The energy sector is a target of choice for hackers, as data on attacks from recent months shows. In fact, cyber attacks on the energy sector increased by 33% between June and August. Even before that, however, the energy sector was the sector with the highest costs for data breach. A trend destined to grow.
Once again this is a number with a direct impact on people's lives as the related costs will be passed on to bills, along with the more general increase in global costs. At the same time, however, the risk also concerns the provision of the service itself, which could be interrupted or be suspended. A general situation of instability and insecurity that offers fertile ground for cybercriminals, who could directly target people by leveraging anxieties and the continuous search for savings, thus luring unsuspecting users into real digital traps designed to steal personal data.
A global threat.
A critical situation globally. In France, one of the most important companies operating in the energy sector has raised the alert level for the prevention of cyber attacks. Companies such as the Lithuanian Ignitis, the English Fulcrum or the Greek DESFA, among the main suppliers of natural gas in the country, have already been hit by cyber threats. In July of this year, Ignitis was hit by what has been called the largest cyber attack of the last decade, with a series of DDoS attacks that resulted in the suspension of some services. In August, DESFA also stated that it was hit by a ransomware attack that would fall under what is known as "double extortion". In fact, the cybercriminals who claimed responsibility for the attack also threatened the publication of hundreds of GB of stolen data.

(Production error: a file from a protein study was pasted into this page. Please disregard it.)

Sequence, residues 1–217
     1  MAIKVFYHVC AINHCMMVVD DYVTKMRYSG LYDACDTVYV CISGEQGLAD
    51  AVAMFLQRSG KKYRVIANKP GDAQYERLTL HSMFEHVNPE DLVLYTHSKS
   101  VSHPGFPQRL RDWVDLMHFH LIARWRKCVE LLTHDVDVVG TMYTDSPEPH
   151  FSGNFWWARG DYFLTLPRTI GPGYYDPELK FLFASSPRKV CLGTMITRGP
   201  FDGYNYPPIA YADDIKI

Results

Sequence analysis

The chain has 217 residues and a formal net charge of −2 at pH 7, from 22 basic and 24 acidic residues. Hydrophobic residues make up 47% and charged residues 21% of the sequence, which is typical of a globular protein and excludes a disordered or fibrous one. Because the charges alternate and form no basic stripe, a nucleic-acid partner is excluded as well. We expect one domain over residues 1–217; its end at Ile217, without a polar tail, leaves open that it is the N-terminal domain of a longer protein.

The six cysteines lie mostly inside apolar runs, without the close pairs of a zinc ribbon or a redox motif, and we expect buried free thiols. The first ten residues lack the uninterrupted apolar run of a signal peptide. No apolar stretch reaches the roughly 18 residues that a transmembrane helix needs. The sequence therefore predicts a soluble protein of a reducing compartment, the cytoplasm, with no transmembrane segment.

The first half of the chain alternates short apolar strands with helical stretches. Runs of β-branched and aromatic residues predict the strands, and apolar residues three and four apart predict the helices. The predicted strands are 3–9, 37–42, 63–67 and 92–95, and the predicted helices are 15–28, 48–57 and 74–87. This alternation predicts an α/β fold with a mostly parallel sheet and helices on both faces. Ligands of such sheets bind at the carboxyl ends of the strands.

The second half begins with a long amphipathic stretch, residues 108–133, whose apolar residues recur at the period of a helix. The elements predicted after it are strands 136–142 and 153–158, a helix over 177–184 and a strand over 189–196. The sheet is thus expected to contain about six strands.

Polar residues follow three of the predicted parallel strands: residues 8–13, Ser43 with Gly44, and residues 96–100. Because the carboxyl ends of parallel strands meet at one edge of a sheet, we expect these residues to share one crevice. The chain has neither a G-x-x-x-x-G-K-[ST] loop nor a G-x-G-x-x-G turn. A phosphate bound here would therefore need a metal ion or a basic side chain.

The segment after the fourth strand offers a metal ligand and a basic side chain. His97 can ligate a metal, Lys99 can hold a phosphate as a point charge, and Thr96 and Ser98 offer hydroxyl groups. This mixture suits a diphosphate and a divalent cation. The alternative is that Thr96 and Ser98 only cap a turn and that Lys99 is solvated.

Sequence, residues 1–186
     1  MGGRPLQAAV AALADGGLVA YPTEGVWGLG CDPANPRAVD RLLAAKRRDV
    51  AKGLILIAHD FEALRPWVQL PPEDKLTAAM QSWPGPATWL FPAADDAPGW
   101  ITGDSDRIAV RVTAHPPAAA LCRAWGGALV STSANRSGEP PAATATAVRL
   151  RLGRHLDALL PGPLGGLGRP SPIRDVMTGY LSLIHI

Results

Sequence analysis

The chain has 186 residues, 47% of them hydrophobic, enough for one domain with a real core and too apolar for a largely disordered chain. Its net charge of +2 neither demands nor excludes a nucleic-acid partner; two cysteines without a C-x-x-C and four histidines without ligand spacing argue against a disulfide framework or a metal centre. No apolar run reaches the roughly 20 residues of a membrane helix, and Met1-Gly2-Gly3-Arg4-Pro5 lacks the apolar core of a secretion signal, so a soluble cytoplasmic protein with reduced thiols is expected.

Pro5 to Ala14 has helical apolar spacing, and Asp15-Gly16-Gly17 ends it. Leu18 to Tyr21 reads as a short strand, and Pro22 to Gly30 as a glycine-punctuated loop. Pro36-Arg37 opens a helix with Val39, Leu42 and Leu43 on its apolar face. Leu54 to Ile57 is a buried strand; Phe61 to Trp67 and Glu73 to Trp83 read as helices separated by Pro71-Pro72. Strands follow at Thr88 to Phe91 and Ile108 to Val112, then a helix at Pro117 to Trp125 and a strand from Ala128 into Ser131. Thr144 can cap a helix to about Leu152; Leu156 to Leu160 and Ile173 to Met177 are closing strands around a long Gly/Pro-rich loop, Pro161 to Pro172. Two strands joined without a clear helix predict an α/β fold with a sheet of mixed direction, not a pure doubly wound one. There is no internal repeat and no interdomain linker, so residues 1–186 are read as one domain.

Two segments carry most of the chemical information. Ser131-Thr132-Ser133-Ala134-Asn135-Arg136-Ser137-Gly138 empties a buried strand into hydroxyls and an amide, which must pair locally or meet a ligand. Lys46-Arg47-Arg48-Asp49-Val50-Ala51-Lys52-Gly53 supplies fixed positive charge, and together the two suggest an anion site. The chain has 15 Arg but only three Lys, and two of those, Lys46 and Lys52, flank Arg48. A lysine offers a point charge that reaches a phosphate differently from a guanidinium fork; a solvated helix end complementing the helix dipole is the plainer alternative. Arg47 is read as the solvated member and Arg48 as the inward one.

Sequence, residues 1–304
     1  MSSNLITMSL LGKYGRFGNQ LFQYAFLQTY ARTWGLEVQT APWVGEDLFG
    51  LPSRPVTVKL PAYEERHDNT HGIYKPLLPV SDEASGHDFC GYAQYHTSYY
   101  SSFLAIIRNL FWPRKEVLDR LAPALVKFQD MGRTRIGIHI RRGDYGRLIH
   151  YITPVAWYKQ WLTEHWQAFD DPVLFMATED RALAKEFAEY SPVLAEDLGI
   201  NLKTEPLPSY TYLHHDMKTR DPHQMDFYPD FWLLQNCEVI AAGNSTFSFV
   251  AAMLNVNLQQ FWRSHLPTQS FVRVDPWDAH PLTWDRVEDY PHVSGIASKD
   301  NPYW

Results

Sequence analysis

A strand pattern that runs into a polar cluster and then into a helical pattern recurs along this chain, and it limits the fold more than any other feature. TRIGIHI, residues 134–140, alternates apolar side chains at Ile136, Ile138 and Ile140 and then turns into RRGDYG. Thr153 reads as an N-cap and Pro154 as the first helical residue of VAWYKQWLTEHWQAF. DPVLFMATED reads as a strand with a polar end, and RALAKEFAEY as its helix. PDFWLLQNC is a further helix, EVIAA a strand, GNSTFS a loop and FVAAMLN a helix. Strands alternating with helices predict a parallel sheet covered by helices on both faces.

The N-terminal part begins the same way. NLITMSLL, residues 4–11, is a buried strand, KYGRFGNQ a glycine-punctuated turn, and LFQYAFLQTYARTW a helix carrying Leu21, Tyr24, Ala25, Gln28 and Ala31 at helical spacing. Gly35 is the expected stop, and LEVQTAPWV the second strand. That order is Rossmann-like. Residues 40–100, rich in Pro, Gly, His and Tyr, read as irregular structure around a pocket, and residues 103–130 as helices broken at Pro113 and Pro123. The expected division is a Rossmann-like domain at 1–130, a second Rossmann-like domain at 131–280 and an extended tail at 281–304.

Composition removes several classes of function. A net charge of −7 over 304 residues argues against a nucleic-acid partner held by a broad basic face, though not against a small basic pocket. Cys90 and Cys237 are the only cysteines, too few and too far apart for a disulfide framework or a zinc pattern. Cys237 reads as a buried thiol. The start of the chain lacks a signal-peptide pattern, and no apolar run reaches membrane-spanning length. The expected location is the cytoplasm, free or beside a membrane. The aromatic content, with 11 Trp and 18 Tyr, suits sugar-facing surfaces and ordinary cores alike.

The weakness of suppliers.
One of the points of particular fragility is represented by the supply chain, made up of small and medium-sized enterprises that gravitate around the big energy giants. In fact, the latter have resources and skills for cyber security, which is not always the case for smaller companies, which thus become the preferred access route to violate the IT systems of the main companies. While large companies can implement effective strategies to prevent and manage attacks, they may have more difficulty monitoring the entire supply chain, creating access points that criminals can more easily exploit.
At the European level there is a plan for the defense of strategic infrastructures, and it has been updated a few months ago with the Nis2 directive, which expands the previous criteria with regard to critical infrastructures. While large corporations are involved, small businesses are virtually excluded unless they are directly involved in providing essential services or operating in particular key sectors. According to experts, government guidelines would be needed to prevent cybercriminals from accessing the systems of a company that follows the directive through the vulnerabilities found in small suppliers, too often lacking both adequate resources and technologies.